The U.S. Department of Transportation requires all vehicles over 10,000 pounds to be marked with reflective tape. This tape, commonly called DOT C-2 tape, must comply with certain size, color, and quality regulations. Trucks and trailers are required to follow DOT requirements for reflective tape on trucks, but many do not. The purpose of reflective tape is to increase safety for commercial motor vehicles, including trucks and trailers, on the road. In addition to reducing side and rear impacts, it also increases visibility for other motorists.
Retroreflective tape reduces side and rear impacts to heavy trailers in dark conditions
The use of retroreflective tape on heavy trailers has been shown to decrease the number of rear and side impacts by about 41 percent. In studies where drivers did not use proper lighting, reflective tape was less effective in reducing the number of side and rear impacts by about 41 percent. These numbers represent statistically significant reductions from 31 to 51 percent. These results do not apply to rear impacts, which occur in daylight.
The most effective estimates were obtained when the tape was used at three different lighting conditions. Effectiveness estimates in the dark-not-lighted condition were the highest. The combination of all four dark conditions was partially beneficial but less effective than in dark-lit conditions. In Pennsylvania, there was a slight benefit from the tape. In Florida, the effect was not statistically significant. Moreover, when there was sufficient light, the tape was not effective.
It increases visibility of heavy trailers to other motorists
DOT requirements for reflective tape on trucks are mandatory for commercial vehicles 80 inches wide or wider. It must be applied in certain shapes and sizes, and it must be positioned horizontally on the truck’s sides and rear. If the truck is not fully reflective, it can be replaced with reflex reflectors. The DOT requires that the red and white striped tape on the trailer’s sides and rear cover extend to at least 50 percent of the truck’s length.
Increasing conspicuity of truck tractors with reflective tape is not a good solution for all truck drivers. The new regulations could create an unnecessary burden on truck operators. However, the government is determined to improve the safety of everyone. As a result, these regulations could significantly reduce the number of serious crashes and injuries. However, the benefits of conspicuity tape are not clear.
It is required on combination trucks
Reflective tape on combination trucks is a requirement in most states. These strips are intended to make combination trucks more visible to other motorists. Their red-white alternating pattern helps other drivers judge the distance to a combination truck. Many crashes occur when the combination truck is not visible, such as at night or in bad weather. Adding reflective tape to combination trucks can help reduce these accidents. In addition, these stripes are expected to be more effective in low-light conditions.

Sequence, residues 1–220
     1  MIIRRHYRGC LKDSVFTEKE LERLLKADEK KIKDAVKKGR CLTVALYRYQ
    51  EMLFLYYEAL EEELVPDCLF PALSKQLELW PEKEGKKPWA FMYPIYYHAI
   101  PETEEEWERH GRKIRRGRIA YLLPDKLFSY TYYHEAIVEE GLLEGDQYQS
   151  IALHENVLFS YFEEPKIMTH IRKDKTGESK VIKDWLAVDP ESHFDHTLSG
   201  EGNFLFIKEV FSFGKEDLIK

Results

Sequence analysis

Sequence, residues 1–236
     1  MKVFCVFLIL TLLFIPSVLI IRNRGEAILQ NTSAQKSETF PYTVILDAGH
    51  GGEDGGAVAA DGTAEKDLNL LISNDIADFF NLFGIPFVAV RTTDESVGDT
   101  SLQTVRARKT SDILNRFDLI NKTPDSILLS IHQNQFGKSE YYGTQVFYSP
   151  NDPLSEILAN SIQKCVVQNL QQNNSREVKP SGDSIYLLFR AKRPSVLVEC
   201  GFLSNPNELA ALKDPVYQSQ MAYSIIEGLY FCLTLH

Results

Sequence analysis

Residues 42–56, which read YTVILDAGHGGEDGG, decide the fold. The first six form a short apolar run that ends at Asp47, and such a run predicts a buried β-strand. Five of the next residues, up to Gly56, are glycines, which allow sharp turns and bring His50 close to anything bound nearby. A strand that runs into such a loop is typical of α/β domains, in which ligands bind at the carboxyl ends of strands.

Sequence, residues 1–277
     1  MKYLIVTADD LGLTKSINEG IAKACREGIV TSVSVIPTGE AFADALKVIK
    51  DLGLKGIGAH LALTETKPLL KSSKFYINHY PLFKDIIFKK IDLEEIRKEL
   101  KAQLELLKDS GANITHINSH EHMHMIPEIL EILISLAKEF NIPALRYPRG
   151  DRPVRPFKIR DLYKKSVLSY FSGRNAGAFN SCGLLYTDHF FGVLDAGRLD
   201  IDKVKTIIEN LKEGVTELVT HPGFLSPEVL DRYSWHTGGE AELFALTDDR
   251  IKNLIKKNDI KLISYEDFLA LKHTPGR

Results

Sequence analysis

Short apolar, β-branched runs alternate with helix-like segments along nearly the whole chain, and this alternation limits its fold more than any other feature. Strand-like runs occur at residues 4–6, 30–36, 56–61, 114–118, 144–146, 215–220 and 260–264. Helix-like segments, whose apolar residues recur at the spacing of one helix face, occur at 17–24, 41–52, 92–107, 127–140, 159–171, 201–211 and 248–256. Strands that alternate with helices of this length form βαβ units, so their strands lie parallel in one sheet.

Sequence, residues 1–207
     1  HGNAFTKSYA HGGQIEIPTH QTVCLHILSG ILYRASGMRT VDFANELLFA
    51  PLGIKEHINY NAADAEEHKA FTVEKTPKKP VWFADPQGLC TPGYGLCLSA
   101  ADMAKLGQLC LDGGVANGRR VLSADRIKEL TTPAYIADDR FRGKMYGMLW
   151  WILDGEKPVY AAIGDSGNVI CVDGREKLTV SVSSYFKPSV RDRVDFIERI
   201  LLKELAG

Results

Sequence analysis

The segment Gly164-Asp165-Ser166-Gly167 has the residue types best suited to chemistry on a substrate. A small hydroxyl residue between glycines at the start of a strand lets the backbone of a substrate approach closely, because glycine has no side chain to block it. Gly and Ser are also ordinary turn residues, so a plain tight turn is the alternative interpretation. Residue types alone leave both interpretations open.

DOT requires truck drivers to apply 2′-wide reflective tape to the sides of their trailers. The reflective tape must be as horizontal as possible and must begin at the front and end near the rear. Conspicuity treatment does not need to be continuous. The sum of segments must cover half of the trailer’s length. The spaces between segments must be evenly distributed. In addition to the trailer’s sides, the top and bottom corners of the trailer must be marked with solid white.
It is required on truck trailers
DOT requirements for reflective tape on truck trailer have strict specifications for its placement, width, and spacing. Typically, reflective tape on a trailer extends approximately half the length of the vehicle and must be between 15 and 60 inches wide. The same rules apply to truck tractors. They must have similar placement on the back of the vehicle, and the tape must be positioned as near to the front and rear edges as possible.
The material used for reflective tape on truck trailers must be highly visible. This requires the tape to be visible when the truck is parked and empty. In addition, it must have a centerline that is at least 15 inches above the roadway when the trailer is unoccupied. Several factors affect the DOT requirements for reflective tape on truck trailers, including the weight and location of cargo. If the reflective tape is not placed correctly, a driver could face a level I inspection. The driver could also be assessed with three points for failure to comply with conspicuity sheeting regulations.
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